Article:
-- Changes to the UK Investor Visa ~ Travel and Immigration 101

Wednesday, May 20, 2015

Changes to the UK Investor Visa

Tier 1 (Investor) visas were introduced in 2008 to allow individuals with at least £1m available to invest to remain in the UK on a long-term basis. They are seen as a shortcut for wealthy foreign nationals to become British citizens. Surprisingly, Chinese nationals accounted for 43% of all Tier 1 visas issued last year. Of the minimum £1m capital invested, no less than £750,000 must be invested in UK government bonds, share capital or loan capital in active and trading UK registered companies. The remaining £250,000 can be invested in other UK assets such as un-mortgaged UK property or cash held in a UK bank account. One challenging condition is that if the value of the investor’s overall investment drops below the £1m threshold at any point during the visa application period, it must be ‘topped up’ by the next reporting period and as such, the portfolio should be cognisant of changes in market movements.
A temptation would be to invest entirely in low risk assets such as UK government bonds but that might not necessarily be the ‘risk-free’ option in the current macro-economic environment, with the requirements for keeping the portfolio’s book value above the £1m threshold. However on February 26th, 2015, the Home Office announced significant changes to the Tier 1 visa immigration rules and these changes will come into effect on November 6th of this year.

Changes include raising the minimum investment threshold from £1m to £2m whilst the full investment sum must be invested in permissible investments rather than 75% of the total as under the previous rules. It is also no longer acceptable to source the investment sum by loan. Most interestingly, the ‘topping up’ requirement has been removed and instead, investors will need to purchase new qualifying investments only if they sell part of their portfolios. The increase in threshold from £1m to £2m is substantial but investors are afforded a higher degree of freedom, likely meaning that this scheme will remain attractive for high net worth individuals seeking to gain a foothold in the UK.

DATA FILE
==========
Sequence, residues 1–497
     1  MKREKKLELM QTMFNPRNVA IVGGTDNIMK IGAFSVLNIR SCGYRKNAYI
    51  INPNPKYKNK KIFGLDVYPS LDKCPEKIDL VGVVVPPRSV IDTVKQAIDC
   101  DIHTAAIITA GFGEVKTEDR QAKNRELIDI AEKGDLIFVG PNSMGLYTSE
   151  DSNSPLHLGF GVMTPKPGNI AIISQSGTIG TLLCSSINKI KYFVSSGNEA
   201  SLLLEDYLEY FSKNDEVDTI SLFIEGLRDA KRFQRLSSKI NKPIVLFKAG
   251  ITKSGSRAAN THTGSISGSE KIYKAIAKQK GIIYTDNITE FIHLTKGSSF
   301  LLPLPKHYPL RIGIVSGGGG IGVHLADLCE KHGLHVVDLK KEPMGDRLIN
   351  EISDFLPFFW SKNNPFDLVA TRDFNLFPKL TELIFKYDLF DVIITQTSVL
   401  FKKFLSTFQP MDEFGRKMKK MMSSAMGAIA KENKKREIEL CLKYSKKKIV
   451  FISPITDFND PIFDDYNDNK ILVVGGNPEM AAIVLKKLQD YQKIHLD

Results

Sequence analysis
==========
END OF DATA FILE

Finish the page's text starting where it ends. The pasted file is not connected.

Any visa applications submitted before November 6th, 2014, will be considered in accordance with current rules and clients who have already held a Tier 1 visa would not be affected by the new rules, since they do not have a retrospective effect. Nonetheless, the increase in flexibility has allowed new Chinese Tier 1 clients to adjust the risk levels of their portfolios more freely.

The removal of the requirement for portfolio top up will lead to many investors building a portfolio wholly made up of UK government bonds, due to the principle being safely retained whilst earning a coupon payment on the bonds. This scheme offers a lower opportunity cost than taking investment risk for higher returns, given that the primary purpose of the investment is to achieve British Citizenship. Amid the uncertainty surrounding the 2017 Brexit referendum, a growing number of multi-asset fund and wealth managers are reducing their holdings of UK equities. Many Chinese Tier 1 clients will opt to invest heavily in UK government bonds despite the all-time high reached by the FTSE 100 this week.


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